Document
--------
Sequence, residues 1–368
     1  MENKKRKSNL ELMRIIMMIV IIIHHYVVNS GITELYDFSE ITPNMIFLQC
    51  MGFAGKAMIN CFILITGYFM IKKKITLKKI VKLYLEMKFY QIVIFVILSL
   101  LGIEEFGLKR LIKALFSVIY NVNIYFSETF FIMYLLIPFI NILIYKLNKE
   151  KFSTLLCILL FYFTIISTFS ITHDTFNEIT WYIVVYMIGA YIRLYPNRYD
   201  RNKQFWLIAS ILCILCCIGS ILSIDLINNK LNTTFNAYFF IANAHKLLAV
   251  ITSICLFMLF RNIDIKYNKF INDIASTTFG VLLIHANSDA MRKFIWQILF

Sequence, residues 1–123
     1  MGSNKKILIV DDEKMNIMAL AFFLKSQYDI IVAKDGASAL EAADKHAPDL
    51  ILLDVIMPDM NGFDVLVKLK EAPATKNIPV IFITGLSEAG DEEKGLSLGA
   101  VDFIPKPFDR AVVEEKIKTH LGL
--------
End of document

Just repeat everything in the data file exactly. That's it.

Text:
Sequence, residues 1–368
     1  MENKKRKSNL ELMRIIMMIV IIIHHYVVNS GITELYDFSE ITPNMIFLQC
    51  MGFAGKAMIN CFILITGYFM IKKKITLKKI VKLYLEMKFY QIVIFVILSL
   101  LGIEEFGLKR LIKALFSVIY NVNIYFSETF FIMYLLIPFI NILIYKLNKE
   151  KFSTLLCILL FYFTIISTFS ITHDTFNEIT WYIVVYMIGA YIRLYPNRYD
   201  RNKQFWLIAS ILCILCCIGS ILSIDLINNK LNTTFNAYFF IANAHKLLAV
   251  ITSICLFMLF RNIDIKYNKF INDIASTTFG VLLIHANSDA MRKFIWQILF

Sequence, residues 1–123
     1  MGSNKKILIV DDEKMNIMAL AFFLKSQYDI IVAKDGASAL EAADKHAPDL
    51  ILLDVIMPDM NGFDVLVKLK EAPATKNIPV IFITGLSEAG DEEKGLSLGA
   101  VDFIPKPFDR AVVEEKIKTH LGL